When it comes to public safety threats, in relation to our infrastructure, our roadways top the list of concerns. U.S. Roadways not only serve as a critical link for moving people from place to place, but they’re also one of the main routes for moving consumable goods, food, fuel, and critical supplies throughout the country.
Our nation’s roadways are made up of more than 4 million miles of public roads, and are critical for transporting supplies throughout the country. In fact, it’s estimated that 70 percent of all freight transported in this country, is done so by nearly 11 million trucks driving our public roads and highways. These roadways provide direct access to our nation’s ports, airports and city centers; driving our economy, and enabling goods to get to the marketplace.
With so much importance placed on our nation’s roads and highways, it’s never been so important for us to focus on maintaining this critical infrastructure. Unfortunately, our public projects have long been run by corrupt politicians, unions, and corporations who have siphoned trillions of our tax dollars into projects that have done little to address our aging infrastructure.
Failing Roadways & Congested Highways
According to the American Society of Civil Engineers, America’s major urban highways remain extremely congested, costing the economy an estimated $101 billion in wasted fuel annually. They estimate 33% of America’s major roads are in poor, or mediocre condition, costing us an additional $67 billion a year.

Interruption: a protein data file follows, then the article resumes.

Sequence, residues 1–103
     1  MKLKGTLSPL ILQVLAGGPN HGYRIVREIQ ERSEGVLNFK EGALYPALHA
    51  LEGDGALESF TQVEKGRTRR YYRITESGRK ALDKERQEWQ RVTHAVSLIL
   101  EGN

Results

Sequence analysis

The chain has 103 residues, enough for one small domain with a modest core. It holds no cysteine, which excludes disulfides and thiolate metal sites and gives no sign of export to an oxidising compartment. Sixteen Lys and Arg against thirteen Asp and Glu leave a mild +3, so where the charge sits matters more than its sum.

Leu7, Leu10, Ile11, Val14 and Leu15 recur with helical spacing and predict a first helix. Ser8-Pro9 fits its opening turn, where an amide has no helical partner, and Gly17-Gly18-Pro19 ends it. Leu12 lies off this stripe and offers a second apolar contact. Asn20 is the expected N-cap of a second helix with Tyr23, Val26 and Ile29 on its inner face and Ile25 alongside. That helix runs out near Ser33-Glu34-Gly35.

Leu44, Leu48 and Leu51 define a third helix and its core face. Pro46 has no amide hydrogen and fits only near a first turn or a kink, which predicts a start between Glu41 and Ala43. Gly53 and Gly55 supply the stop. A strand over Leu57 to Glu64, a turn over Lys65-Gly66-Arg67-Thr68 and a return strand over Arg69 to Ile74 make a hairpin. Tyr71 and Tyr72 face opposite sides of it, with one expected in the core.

Time and money is one thing, but when it comes to public safety our roadways have become death traps. Based on current statistics, it’s estimated that as many as a third of all traffic fatalities are directly related to roadway conditions.
Evacuation Preparedness Planning
Our nation’s highways have become so congested that from a preparedness perspective, they have left us completely vulnerable to both natural and man-made disasters.
During times of mandatory evacuation, our highways are simply not setup to handle the overwhelming influx of traffic caused by an evacuation order. Time and time again we see our nation’s highways overwhelmed, so much so, that even during small-scale natural disasters it’s not uncommon to see people sitting in traffic for hours, only to have moved a couple of miles.
Since we are looking at our infrastructure threats from a Preparedness standpoint, we need to look at how it affects us during times of crisis, and what we can do to mitigate the danger.
Safely planning for Evacuations
Don’t Rely on GPS: During a disaster, where evacuation becomes necessary, the last thing you want to do is rely on your GPS. In my opinion, doing so sets yourself up for disaster, as you will likely be funneled into a choke-point with tens of thousands of evacuees who are all following the same GPS routes.
Have Multiple Routes Out: Now is the time to plan your evacuation routes, and part of any good evacuation plan is to have multiple routes out of the area. During times of crisis, the roadways are going to quickly become congested; depending on the situation, they may become impassable. Having multiple pre-planned evacuation routes will ensure your safety, and can help put you hours ahead of the mobs of unprepared evacuees.
I’ve stated many times in the past that people will become a very real threat to your safety during times of crisis, the last place you want to be during a disaster is stuck in the middle of the mob.
Look at Alternatives: Besides roadways, you should know every possible alternative route out of your area, including off-road trails, services routes, and even hiking & mountain biking trails. These can all be found using something like Google Earth, but I also suggest learning how to read Topographic maps, which can be a lifesaver during an emergency.